Toronto author Gordon Stein combined his mechanical engineering degree, his experience working in sales, marketing and operations, and a love of helping others to write the new book Cashflow Cookbook.
Stein calls it “simple, fun and very approachable” — 60 financial “recipes” that, he says, can add up to $2 million in wealth if applied together over 10 years. But “you can skip parts of it — let’s say you don’t own a car, so you can just skip that section,” he says. “It’s like a cookbook as in you don’t have to read it cover to cover.”
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Stein said the recipe idea and the food puns were an influence from his mother, Thelma Barer-Stein, who died this past summer and published numerous books on food.
Stein, from London, Ont., but who currently lives in Toronto, wanted his book to stand out among other financial help books, making it fun and easy to pick up and to limit the amount of math jargon. He’s currently working on an American edition of the book.
In the next three editions of Smart Money, we will offer some of Stein’s recipes:
Vishnay was pleased with herself. In the two years since she divorced Frank, she had toasted two large credit card balances, mixed up a tasty balance in a family RESP and served up some home fix-it jobs herself.
Slicing about $1,000 a month from their spending had given them some financial freedom. It was time to reward herself and the two girls with a great family vacation, maybe someplace warm.
After two hours online, she had found a great hotel, cheap flights and even attractions that the girls would enjoy. She was about to book it when her eldest, Caroline, walked in.
Caroline loved the idea of a trip, but wanted a hotel with a gym. They found a nicer hotel, still close to the beach with a great gym for about the same price, but Caroline pointed out one of the flights conflicted with an exam. More searching and sorting and they had a great itinerary.
Vishnay thought she had better get input from her younger daughter, who was sure to have an opinion and was due home any minute. Serena arrived, dropped her knapsack in the middle of the hallway and her purse in front of the bathroom door. Vishnay was halfway through telling her about the trip to Florida and all the fun when Serena started rolling her eyes.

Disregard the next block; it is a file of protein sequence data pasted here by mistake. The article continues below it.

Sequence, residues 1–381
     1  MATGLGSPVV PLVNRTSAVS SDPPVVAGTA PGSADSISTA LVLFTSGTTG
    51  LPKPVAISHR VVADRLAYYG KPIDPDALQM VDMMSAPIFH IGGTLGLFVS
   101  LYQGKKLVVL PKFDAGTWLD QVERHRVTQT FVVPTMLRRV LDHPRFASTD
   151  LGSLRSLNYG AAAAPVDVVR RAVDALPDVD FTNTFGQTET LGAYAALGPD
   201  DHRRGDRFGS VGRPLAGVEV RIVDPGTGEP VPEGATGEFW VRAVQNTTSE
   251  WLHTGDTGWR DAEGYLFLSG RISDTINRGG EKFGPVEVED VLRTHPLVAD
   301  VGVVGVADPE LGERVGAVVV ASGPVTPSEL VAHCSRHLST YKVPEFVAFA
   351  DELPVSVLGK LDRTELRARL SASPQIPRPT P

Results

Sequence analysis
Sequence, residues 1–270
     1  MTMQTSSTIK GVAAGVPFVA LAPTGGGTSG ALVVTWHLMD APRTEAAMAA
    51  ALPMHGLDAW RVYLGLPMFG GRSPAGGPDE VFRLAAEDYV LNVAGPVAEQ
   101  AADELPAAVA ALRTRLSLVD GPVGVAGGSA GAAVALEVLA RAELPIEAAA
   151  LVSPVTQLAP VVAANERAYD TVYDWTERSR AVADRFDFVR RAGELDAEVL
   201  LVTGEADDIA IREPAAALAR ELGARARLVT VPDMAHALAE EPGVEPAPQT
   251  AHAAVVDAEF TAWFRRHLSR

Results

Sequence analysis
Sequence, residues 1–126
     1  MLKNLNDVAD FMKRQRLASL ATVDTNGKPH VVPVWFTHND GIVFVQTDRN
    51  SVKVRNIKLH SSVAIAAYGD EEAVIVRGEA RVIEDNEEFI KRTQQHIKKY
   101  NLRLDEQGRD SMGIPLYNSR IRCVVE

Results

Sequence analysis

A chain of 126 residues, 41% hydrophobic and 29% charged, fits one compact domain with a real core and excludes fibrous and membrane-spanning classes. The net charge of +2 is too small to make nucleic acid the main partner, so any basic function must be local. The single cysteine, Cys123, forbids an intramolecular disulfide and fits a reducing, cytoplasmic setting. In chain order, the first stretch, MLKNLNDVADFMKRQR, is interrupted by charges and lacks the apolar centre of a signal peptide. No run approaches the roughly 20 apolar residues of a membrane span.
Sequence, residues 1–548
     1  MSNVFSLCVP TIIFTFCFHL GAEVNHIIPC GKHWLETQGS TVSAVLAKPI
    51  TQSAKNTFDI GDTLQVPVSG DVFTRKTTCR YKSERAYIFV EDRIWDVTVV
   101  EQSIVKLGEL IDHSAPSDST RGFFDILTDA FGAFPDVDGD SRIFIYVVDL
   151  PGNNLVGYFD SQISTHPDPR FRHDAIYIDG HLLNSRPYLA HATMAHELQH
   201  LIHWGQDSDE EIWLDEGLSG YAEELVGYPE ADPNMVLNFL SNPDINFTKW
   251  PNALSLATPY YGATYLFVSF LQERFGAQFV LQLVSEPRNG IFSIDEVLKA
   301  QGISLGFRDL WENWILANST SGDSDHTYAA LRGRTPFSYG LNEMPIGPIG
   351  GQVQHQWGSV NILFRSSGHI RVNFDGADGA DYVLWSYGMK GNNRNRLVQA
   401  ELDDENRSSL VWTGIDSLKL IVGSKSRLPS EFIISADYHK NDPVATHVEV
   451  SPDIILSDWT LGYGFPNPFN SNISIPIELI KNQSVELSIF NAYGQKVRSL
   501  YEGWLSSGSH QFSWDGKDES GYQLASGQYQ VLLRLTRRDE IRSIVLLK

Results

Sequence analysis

“The Canadian dollar has dropped 30 per cent against the American, we’re tight on money and you geniuses want to go to Florida? Why not take advantage of the plunging peso and go to Mexico?”
Darn it! Vishnay hated it when Serena was right. But the logic was sound. The three of them gathered around the laptop buzzing with excitement about the hotels and attractions in Guadalajara.
If you are in the habit of enjoying a nice annual vacation that adds to your debt load and sinks you deeper in the hole, you may want to do some “staycations” for a year or two while getting your finances in order, free up some cash flow and clear out some debt.
If you can enjoy a regular vacation while continuing to grow your net worth each year, then by all means continue to do so. But let’s see if we can plate up some ways to do it more economically, without taking away any of the fun.
Points: Use one travel reward card for all work and personal spending.
Hotels: Look at Airbnb, TripAdvisor and Trivago for independent hotels; and hotels.com, Priceline and Hotwire for best deals on the majors.
Airfare: Fly mid-week vs. weekends, book well in advance.
Timing: Travel just outside peak seasons for that area; if you are flexible, look at last minute travel sites like lastminute.com.
Shuttles: Check for free shuttles from airport to hotels, city centre vs. paying for cabs.
Food: Buy some basic groceries for the hotel fridge to save on eating out for every meal and snack, or consider renting a condo or hotel with a kitchen so you can make most of your own meals.
Hearty Serving (advice for a larger family)
Family of five, annual vacation
Fly mid-week to bring air tickets from $7,500 to $6,300
Book Airbnb apartment, taking lodging from $2,800 to $1,600
Reduce total cost by $600 by saving travel reward points
Original air and lodging $10,300; new cost $7,300
Annual savings $3,000; monthly savings $250
Light Serving (advice for a smaller family or single)
Original one-week all-inclusive package $3,100
Move trip just outside prime season, pay only $2,500
Reduce total cost by $300 by saving travel reward points
Original trip $3,100, new cost $2,200
Annual savings $900, monthly savings $75
Yield (what the savings would mean over time, if they were invested with a 7 per cent return)
Hearty: $43,250 over 10 years, $130,250 over 20 years
Light: $12,975 over 10 years, $39,075 over 20 years
There are many, many more ways to save on travel and dozens of apps and websites that can help. Stay curious, research each component (air, car, lodging) add new techniques and immediately use the savings to reduce debt or add to your nest egg.
Introduction by Alanna Rizza